I’d never really heard of Princess Sophia Duleep Singh before coming across journalist Anita Anand’s biography of her (Sophia: Princess, Suffragette, Revolutionary), but what a fascinating story her life is!…
Anand tells the story of Sophia’s life in a vivid and engaged manner and the book is packed with background information and historical and geographical detail. Its main subject may be a Princess Suffragette but above all this is a moving story of displacement and exile, of identity and history.
In a few months’ time, I shall be casting my vote in the general election. I’ve never missed the opportunity to do so and will be proud to stand in that queue, 97 years after the first British women were allowed to vote following the Representation of the People Act in 1918.
Indeed, the sacrifice of women, some of whom risked their lives to give me that vote, makes the attitude of those who tell me ”not to bother’’ as insulting as it is stupid. But while some suffragettes have passed into legend – think Emily Wilding Davison, or Emmeline Pankhurst – many others have been lost to history.
One such woman is Sophia Duleep Singh…
The tale of how this physically diminutive princess transformed from delicate society debutante to passionate activist is detailed in an engrossing new biography by the journalist Anita Anand, Sophia: Princess, Suffragette, Revolutionary. Sophia’s life was extraordinary—one of those stories that begs for a gifted storyteller like Anand. There is never a dull moment as the book races from the sordid history of her family’s demise to her increased advocacy on the topics of suffrage and India. The book is a reminder that many interesting historical figures are still waiting to have their stories told.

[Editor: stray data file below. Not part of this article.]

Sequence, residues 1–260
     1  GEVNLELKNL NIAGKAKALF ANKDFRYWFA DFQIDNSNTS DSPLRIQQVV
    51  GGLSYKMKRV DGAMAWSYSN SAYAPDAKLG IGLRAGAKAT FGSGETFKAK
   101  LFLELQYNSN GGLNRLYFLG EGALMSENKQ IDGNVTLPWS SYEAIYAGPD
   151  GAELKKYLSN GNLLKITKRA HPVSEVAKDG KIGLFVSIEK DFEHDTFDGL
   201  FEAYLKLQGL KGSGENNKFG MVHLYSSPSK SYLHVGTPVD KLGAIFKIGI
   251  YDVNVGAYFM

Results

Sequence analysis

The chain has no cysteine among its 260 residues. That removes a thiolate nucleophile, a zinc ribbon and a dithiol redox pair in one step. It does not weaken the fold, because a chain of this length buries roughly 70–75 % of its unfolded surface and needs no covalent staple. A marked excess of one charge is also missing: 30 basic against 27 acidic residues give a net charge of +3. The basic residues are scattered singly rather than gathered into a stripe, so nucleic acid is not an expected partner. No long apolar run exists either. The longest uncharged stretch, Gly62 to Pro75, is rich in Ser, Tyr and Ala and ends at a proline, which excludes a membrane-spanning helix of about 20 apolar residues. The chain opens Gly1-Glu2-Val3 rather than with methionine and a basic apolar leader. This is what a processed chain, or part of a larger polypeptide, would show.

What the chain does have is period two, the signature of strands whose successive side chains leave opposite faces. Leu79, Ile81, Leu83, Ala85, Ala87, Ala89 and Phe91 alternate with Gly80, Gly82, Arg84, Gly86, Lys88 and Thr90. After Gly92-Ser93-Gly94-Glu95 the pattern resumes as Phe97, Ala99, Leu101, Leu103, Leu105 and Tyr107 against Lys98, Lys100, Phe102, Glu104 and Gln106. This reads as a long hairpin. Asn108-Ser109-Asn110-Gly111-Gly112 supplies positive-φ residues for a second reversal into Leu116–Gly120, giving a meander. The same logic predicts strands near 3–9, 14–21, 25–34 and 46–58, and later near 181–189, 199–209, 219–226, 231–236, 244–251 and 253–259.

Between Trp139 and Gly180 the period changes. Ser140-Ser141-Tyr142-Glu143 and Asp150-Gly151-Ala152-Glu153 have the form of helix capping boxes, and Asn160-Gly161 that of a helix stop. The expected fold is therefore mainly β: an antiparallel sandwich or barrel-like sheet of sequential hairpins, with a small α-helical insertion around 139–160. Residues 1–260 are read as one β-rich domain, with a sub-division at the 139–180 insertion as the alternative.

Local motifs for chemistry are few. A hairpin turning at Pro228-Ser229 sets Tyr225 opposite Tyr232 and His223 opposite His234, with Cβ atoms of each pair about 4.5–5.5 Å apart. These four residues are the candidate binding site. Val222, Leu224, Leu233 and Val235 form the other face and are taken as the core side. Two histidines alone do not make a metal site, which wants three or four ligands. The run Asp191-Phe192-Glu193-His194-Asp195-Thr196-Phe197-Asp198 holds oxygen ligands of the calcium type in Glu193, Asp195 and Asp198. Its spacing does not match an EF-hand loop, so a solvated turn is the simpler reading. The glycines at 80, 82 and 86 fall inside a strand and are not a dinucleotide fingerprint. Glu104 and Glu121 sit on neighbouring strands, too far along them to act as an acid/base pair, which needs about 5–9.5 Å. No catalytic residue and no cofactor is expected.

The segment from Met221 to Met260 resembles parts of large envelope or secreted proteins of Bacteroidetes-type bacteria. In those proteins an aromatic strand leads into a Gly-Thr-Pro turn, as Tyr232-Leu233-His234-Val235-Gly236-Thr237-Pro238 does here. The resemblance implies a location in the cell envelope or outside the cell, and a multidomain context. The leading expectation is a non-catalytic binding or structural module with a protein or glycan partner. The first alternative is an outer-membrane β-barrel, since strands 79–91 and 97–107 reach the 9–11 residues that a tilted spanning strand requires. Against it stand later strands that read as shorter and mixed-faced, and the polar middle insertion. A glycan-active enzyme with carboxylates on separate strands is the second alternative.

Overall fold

Anita Anand uncovers the remarkable story of Maharaja Duleep Singh’s daughter Sophia who turned a suffragette in England and a revolutionary in India..
I am often asked how I found Sophia but honestly, she found me. I was on maternity leave in 2010 and to keep my brain awake, I read voraciously in the short windows between my son’s naps. One morning, as I turned the pages of a local magazine I was transfixed by a single image my tired mind could not explain. It showed a brown-skinned woman dressed as an Edwardian lady , selling copies of a militant suffragette newspaper outside `her home at Hampton Court Palace’. She looked Indian. My curiosity was further stoked when I discovered that her surname was Singh, my name too by marriage. I tugged on a thread, and an avalanche of a story landed on me. Princess Sophia Duleep Singh would take me on one of the greatest journalistic adventures of my life…
It was like a hunt for a missing person where the clues were buried under dust and the most of the witnesses were dead…
Everyone knows about the guts, glory and grandeur of Maharaja Ranjit Singh, the Lion of Punjab. People also know about the life of his son Maharaja Duleep Singh, who lived in obscurity after he was exiled to Britain at the age of 15 and died alone in Paris at 55.
However, not much was known about Duleep Singh’s children, especially his sixth child, Sophia, until Anita Anand, a broadcast journalist in London, happened to come across a photograph of a suffragette selling newspapers outside Hampton Court in a local magazine that completely took her by surprise.